What would you gather if you went about to all family members, friends, relations and relatives, and to a lesser extent neighbors and acquaintances, whether close or distant, and interviewed each as to the narrative they have about you; collect them into a coherent whole and arrange them into a comprehensible amalgamation for self-reflective, unpublished anonymity?

It would likely be surprising, with tidbits of disconcerting salaciousness – not necessarily involving any vice, but if honesty were to be an unequivocal mandate in the responses to each query, it is likely that one would be taken aback by the responses received, not only in content and substance of answers, but from whence the source of information came.

Would we, if given the opportunity, begin to design a different biography in response to the amassing of such a narrative?  Or, like most people, would we merely engage in defensive self-justification, cutting off relations, reacting with anger and disappointment, and like a child without remorse, regret from wisdom or any greater understanding than the idiot savant who can mimic brilliance from learned behaviors, sit glumly with self-pity and blame those who provided their honest opinion and perspective, and continue on in the same mold as before?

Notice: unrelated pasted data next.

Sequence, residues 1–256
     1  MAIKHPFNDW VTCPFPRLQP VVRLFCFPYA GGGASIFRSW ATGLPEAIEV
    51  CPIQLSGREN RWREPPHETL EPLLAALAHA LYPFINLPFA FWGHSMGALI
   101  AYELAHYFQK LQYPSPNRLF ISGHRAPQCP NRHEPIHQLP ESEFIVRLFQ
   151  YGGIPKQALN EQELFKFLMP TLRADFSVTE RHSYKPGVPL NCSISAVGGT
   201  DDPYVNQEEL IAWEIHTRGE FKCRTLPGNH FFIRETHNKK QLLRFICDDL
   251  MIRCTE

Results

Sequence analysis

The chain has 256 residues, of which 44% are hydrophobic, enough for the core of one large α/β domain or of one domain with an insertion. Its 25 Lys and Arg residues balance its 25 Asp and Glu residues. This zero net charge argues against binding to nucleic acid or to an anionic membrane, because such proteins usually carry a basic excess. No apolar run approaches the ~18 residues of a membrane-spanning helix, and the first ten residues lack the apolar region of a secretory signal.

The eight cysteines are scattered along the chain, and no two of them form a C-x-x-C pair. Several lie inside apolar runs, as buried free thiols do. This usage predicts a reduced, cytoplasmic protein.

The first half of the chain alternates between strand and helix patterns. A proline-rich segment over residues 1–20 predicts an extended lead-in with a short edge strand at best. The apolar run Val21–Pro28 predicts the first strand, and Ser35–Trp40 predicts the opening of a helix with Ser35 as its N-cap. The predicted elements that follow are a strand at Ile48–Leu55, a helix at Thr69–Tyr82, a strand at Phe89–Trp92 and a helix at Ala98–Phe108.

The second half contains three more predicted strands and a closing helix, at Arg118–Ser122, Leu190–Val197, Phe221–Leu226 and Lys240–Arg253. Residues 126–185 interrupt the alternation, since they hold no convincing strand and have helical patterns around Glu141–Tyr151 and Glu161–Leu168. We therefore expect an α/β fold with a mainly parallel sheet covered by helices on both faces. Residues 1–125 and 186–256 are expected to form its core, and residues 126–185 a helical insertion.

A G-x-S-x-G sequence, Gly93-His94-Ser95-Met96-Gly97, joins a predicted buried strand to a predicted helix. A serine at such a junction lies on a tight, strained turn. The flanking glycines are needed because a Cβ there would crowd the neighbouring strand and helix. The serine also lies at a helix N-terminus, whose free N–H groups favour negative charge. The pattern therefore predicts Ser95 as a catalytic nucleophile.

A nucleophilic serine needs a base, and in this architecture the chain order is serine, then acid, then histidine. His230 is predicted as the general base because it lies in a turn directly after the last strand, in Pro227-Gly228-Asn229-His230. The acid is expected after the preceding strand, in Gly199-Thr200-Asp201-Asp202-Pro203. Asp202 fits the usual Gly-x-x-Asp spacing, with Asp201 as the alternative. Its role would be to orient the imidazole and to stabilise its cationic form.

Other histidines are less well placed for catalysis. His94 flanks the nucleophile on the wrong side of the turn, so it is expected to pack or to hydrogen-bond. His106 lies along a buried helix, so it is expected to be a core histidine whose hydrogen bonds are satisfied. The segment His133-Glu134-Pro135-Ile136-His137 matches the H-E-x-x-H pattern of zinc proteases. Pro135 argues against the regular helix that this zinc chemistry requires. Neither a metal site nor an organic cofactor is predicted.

Designing a different biography requires, at a minimum, a capacity to still process information for the intended purpose of alteration of behavior; and like the metamorphosis depicted by Kafka, there are few who have the self-reflective capacity in order to initiate that which cannot be comprehended by an ego which refuses to change.  What chance, then, do we have for redemption?